ESG and sustainability disclosure and reporting requirements for listed and non-listed companies are rapidly taking shape. As announced at COP26, there is now an International Sustainability Standards Board (“ISSB”) tasked with encouraging global uptake of ESG reporting standards. In the EU, the European Financial Reporting Advisory Group (“EFRAG”) is the body tasked with developing mandatory sustainability and ESG reporting standards under the EU’s Corporate Sustainability Reporting Directive (“CSRD”). Both the ISSB and EFRAG have each recently published ESG and sustainability disclosure and reporting “prototypes”. These prototypes are important pieces to an emergent reporting regime that is very likely to become critical commercially—if not mandatory—for many companies. There are also encouraging signs that what has until recently been a relatively disjointed set of standards, is beginning to come together under a more harmonized agenda and institutions.

This blog presents an overview of some of the detailed climate-related disclosure and reporting metrics covered by the ISSB and EFRAG climate prototypes, and highlights critical considerations for companies as more detailed and mandatory ESG and sustainability reporting frameworks begin to take shape.


Continue Reading ESG & Sustainability Reporting Developments: Climate Disclosure Prototypes

On the 10th of November 2021, the Scottish Government published its Draft Hydrogen Action Plan (the “Plan”), as a companion document to its December 2020 Hydrogen Policy Statement.

The Plan sets out the Scottish Government’s detailed proposals for the Hydrogen industry in Scotland across the next five years. The aim is for Scotland to have capacity to produce 5 GW of Hydrogen by 2030 and 25 GW of Hydrogen by 2045. This blog sets out the key takeaways from the Plan.


Continue Reading The Scottish Government’s Draft Hydrogen Action Plan

On December 20, 2019, the Supreme Court of the Netherlands confirmed the judgements of a District Court and an Appeal Court requiring the Dutch Government to achieve a reduction of greenhouse gas (“GHG”) emissions of 25% by 2020 compared to 1990, instead of the 20% reduction that the government had envisioned since 2011. The case was brought by the Urgenda Foundation — a Dutch NGO — and has resulted in a landmark decision that may influence climate change litigation in other countries across Europe, such as the lawsuit filed by NGOs in Germany on January 15, 2020.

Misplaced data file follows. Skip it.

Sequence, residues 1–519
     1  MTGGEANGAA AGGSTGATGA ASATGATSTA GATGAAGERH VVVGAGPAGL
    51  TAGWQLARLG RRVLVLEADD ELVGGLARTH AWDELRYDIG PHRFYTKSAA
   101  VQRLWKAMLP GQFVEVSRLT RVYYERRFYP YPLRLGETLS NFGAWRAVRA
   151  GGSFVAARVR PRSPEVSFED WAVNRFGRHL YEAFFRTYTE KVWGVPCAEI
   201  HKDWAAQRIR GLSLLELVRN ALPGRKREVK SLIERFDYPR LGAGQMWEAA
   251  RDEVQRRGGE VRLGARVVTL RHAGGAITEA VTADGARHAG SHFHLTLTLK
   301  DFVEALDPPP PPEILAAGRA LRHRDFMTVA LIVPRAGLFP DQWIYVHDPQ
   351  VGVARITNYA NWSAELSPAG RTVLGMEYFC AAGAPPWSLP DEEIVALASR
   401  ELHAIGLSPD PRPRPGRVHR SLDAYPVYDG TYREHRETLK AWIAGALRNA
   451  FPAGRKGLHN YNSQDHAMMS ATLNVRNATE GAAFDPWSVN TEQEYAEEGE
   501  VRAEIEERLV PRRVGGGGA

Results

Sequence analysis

Continue Reading The Dutch Supreme Court holds that the Netherlands Has a Human Rights Obligation to Mitigate Climate Change: The Urgenda Case

Electronic devices and their components marketed in the European Union and European Economic Area are subject to a morass of environmental and product safety requirements that is only likely to increase with the EU’s implementation of its Circular Economy Strategy in the near future.  The requirements apply to all types of equipment, from sophisticated information technology equipment, to military equipment, aircraft components, electronic medical devices, household electronics, consumer devices, and industrial tools.
Continue Reading Environmental and Safety Requirements Affecting the Marketing of Electronic Devices and their Components in the European Union and European Economic Area

Last week the European Commission presented an extensive package of legislative proposals (“Clean Energy Package”) that are intended to achieve and implement the European Union’s climate change and clean energy targets for 2030: a 40% cut of CO2 emissions, a share of 27% for renewable energies, and energy savings of 30%.

The package presents both opportunities and challenges for energy-related industries as well as for information technology companies whose products will help to achieve Europe’s energy efficiency objectives.  According to the Commission, its proposals should mobilize up to 177 billion Euros of public and private investment per year from 2021, and generate up to a 1% increase in GDP over the next decade.

The Commission’s proposals are a first step of a legislative process in the European Parliament and Council that is likely to last at least 18 months, and will provide industry with opportunities to influence the legislation on renewable energies and energy efficiency that will apply in the EU as of 2021.


Continue Reading The European Commission Presents its 2030 Clean Energy Package